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By Stephen Luntz

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Glucose Absorption Gingered Up

Ginger has been used as a traditional medicine for many diseases, but its application to diabetes has been overlooked. Both animal and cell culture studies suggest it may assist with the uptake of blood glucose into muscle cells.

“Under normal conditions, blood glucose level is strictly maintained within a narrow range, and skeletal muscle is a major site of glucose clearance in the body,” says Prof Basil Roufogalis of the University of Sydney’s Faculty of Pharmacy. However, Type 2 diabetes interferes with glucose uptake, at least partly by reducing the efficiency of the GLUT4 protein, which helps to transport glucose into muscle cells.

While insulin is normally considered responsible for controlling this transportation, Roufogalis has shown that ginger can also play a role. “This assists in the management of high levels of blood sugar that create complications for long-term diabetic patients, and may allow cells to operate independently of insulin,” Roufogalis says.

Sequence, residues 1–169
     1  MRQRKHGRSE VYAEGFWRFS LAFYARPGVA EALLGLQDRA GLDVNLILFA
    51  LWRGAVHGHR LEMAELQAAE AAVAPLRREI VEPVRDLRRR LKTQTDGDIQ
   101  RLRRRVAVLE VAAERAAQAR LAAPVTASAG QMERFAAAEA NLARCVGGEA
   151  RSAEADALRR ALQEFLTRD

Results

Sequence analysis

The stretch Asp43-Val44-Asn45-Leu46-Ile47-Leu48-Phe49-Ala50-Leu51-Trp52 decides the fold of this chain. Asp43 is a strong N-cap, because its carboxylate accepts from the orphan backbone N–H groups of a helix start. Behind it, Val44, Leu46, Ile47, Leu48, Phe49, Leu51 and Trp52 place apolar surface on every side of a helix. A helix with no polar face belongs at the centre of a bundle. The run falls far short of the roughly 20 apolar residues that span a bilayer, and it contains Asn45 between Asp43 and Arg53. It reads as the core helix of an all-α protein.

Keen to discover the ginger chemicals responsible, and the mechanism, Roufogalis conducted chromatographic fractioning on a ginger extract solution, producing seven fractions distinguished by polarity. Two fractions demonstrated a capacity to induce glucose uptake in tissue cultures, with the most effective rich in gingerols – the chemicals...

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